While they showed interest in my possible application to the university I was uneasy about the fact that I was in Goa and I had these four dogs around me. Finally I had to move one way or another- I wrote an email to the young academic and bowed out, admitting that since my animals were all ageing it was not possible for me to leave them and study in the US. I had internally imagined the scenario that they would be old, requiring care and would I be happy doing the PhD in cold New York? That lady was kind enough to understand my reasons and that was it- no more PhD for me!! At least that dream was shattered… Until (surprisingly enough) providence brought another opportunity in September 2015 soon after, which indeed is what I pursued and bring to completion now.
So the reasons that I began this PhD- my geriatric canine family proved the case that I was indeed right in not taking up the opportunity of a foreign degree, while they lovingly watched over me struggle with the PhD year after year- each of them leaving me, gently changing their own course…one year after the other or a few months apart…
Raga- 23rd October 2017 (the youngest)
Nikki- 8th June 2018 (utterly unexpectedly)
Dash- 28th June 2019 (just a day of being ill, really has not made sense until today)
and finally Ginger – 29th January 2020
It has taken me a week to write this, not only because Ginger left or that it was sudden, because this is a huge shift in my life- a demographic shift, a change in situation that I had not put at the forefront at any time, thinking they all had more time. Dash’s demise was certainly very shocking and Ginger’s- plain unexpected. This is not to say she was strong, or well. She was fading, getting weak, yet until the very end, barring the last one week moving around, demanding food, engaging with everything. Then her eyesight completely began to fade and I realized she was falling into the plants and I decided to guide her on a leash.
The last three days were heartbreaking, the sort of time you really wish it would end. She was crying out in pain throughout the night. I could not put any medicines in her mouth because I knew it would not matter now- the same that I would want for myself. If I would pet her she would calm down- but I could not for the whole night and my arm would be frozen outside the blanket, though I did for several hours. I mostly managed to sleep for one or two hours at most. But in the day she would sleep peacefully – while I could not sleep to that extent. She did not eat for full five days and that was a sign to me that this was it!
None of my dogs had such a painful demise as Ginger. I wonder if it was due to the fact that she was such a strong-willed, tenacious girl, who held on despite the pain or was it something else? She had not given up much earlier as well, even when she was considerably weakened by this very deep mange issue that I treated for her, but her immunity being compromised since young did not help the matter. We tried scores of oils, baths, treatments, antibiotics, anti-fungal treatments – oral or topical, you name it sort of thing. Then in the early parts of the winter she also had another case of aural hematoma . I did not do much about it this time because in the earlier case when she had developed this in Goa I had a surgery performed and was so unhappy with that experience that I figured that if this can heal on its own in a few months (as I read and figured it out) I would just leave it for now. And my poor darling resigned to her fate- quietly let the hematoma, the mange and age get to her slowly, as I poured in the CBD oil and everything else to make it comfortable for her , to whatever extent feasible.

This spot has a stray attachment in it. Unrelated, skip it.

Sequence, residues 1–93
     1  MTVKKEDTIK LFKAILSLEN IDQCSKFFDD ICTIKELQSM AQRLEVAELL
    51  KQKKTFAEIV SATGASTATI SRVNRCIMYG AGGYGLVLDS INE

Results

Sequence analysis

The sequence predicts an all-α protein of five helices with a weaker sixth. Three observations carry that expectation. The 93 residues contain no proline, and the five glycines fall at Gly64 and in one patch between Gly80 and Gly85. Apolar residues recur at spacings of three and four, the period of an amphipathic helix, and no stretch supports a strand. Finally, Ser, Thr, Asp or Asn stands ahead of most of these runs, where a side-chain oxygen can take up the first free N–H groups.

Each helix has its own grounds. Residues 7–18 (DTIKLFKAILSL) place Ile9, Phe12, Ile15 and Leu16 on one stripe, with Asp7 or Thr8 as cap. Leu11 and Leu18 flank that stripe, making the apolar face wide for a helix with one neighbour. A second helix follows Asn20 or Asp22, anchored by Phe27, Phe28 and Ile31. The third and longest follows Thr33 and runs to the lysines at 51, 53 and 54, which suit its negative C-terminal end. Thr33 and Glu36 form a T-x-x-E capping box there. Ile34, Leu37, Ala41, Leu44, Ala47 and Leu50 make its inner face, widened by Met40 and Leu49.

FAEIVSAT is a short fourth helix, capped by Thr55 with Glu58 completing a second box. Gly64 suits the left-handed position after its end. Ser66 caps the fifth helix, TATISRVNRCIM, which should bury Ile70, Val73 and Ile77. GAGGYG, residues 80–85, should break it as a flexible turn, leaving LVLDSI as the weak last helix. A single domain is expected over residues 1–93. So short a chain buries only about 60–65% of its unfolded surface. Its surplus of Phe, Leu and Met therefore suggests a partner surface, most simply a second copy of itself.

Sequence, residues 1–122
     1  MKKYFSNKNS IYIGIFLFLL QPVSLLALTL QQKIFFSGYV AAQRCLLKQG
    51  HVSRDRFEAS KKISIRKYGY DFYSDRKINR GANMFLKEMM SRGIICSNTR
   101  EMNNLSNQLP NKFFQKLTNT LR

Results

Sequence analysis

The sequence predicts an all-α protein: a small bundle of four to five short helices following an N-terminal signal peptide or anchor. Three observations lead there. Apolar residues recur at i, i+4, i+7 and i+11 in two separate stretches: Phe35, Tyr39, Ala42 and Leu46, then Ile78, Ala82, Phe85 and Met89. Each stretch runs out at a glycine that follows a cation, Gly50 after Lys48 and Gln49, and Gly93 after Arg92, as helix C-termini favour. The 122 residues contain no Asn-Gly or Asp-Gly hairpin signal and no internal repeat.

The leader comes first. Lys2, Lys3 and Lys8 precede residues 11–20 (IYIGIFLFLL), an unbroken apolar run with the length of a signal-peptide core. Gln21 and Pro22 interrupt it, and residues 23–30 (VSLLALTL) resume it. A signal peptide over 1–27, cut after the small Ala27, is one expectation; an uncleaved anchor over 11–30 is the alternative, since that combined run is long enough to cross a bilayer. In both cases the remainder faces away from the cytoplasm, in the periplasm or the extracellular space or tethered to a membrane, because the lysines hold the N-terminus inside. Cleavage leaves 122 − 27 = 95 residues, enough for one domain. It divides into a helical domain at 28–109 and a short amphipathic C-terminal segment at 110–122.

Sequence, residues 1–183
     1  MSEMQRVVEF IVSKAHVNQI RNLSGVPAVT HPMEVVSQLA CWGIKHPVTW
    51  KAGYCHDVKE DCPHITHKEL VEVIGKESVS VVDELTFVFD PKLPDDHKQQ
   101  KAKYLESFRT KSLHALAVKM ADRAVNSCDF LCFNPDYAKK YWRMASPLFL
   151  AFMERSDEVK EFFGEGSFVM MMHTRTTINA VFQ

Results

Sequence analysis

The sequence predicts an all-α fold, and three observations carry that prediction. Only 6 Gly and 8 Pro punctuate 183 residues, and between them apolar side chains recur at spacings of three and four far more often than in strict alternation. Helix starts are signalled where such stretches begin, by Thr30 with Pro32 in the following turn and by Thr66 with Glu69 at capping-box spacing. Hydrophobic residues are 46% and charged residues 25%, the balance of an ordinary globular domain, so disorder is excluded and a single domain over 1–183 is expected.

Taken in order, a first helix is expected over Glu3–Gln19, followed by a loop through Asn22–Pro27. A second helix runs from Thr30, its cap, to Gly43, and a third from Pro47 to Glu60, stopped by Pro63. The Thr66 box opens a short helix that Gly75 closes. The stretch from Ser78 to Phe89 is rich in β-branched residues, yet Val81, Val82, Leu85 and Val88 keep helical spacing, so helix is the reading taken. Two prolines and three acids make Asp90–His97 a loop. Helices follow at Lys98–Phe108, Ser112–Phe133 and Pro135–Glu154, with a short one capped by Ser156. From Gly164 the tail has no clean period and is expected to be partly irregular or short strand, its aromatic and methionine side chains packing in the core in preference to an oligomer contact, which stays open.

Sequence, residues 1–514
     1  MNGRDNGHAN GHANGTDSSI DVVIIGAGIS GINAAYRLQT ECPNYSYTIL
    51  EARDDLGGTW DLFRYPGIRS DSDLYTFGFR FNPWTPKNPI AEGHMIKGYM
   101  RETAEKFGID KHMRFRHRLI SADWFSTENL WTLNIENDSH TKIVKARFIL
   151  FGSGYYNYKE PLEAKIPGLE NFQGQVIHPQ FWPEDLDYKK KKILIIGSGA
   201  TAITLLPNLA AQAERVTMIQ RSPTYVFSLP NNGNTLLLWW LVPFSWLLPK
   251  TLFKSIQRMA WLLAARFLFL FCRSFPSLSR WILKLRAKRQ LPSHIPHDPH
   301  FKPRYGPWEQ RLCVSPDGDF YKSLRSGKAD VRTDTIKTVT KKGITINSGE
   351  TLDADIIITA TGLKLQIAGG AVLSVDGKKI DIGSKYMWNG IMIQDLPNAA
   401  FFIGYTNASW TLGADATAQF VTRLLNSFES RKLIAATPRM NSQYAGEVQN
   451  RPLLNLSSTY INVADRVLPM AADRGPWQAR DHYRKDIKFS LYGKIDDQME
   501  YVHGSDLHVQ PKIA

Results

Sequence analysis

This winter has been biting cold for us and I kept Ginger especially protected because her condition did not permit me to cover her with any garments, unlike the other two. At least the cold did not get her, she was safe, secure and warm- until the end. It was other things.
Ginger under the dining table. Just see how her underbelly is all red with the itch and scratching, though she sleeps here peacefully
It is not just Ginger who is gone- it is that big loop, which started with the entry of my dogs, and that was to change me forever, coming a full circle. I have no grief, only a deep sense of loss and tears that I find unexpectedly welling into my eyes- sometimes while looking at something, lying in bed or reading something. The home is the same, the dachshunds are sweet and playful- yet the passage of an age cannot but be acknowledged and accepted. It was not just another dog- it was a companion who came to change every possible formation on the chessboard of my life. As I write this down, tears that have frozen in my eyes finally find an outlet and this is a sign that yes, I have come to terms with it at least in some measure- I have taken seven days to muster the courage today to write these words down. All my darlings, no longer in front of me, yet forever with my soul who have merged.
There was something beautiful and auspicious about her, a little different from all others too. Imagine her coming in on Diwali day and my whole gloom and loneliness was replaced by a small, sickly pup. Similarly the day she passed away was Basant Panchami– a day I am very fond of, amidst all other days in the year. She passed away on a day that means a lot to me- another harbinger of change of seasons, celebrated, special day. Her passage was a relief for the end was very painful, especially the long time of throwing up and diarrhea – which I cleaned innumerably. It was tricky to keep cleaning from both sides, and I could not believe she could throw up so many times, for she had not eaten in so many days.
Buried in the garden, mid the flowers – a mourning, yet celebration; teaching me yet again to balance. That beautiful angel who touched me yet again in such a kind way
Ginger’s blanket drying in the backyard after she passed away
I have no words more to say for now but that my sweetheart, my darling is gone and gone is that part of my life where my dogs made me what I am today. I owe it entirely to them to become what life was to make of me, finally.
Friends, blog-readers and family, who would like to leave a word of remembrance or any other comments are kindly requested to post them at the bottom of the post itself and not on any social media platform, which would be lost forever. Hope this is not a trouble for anyone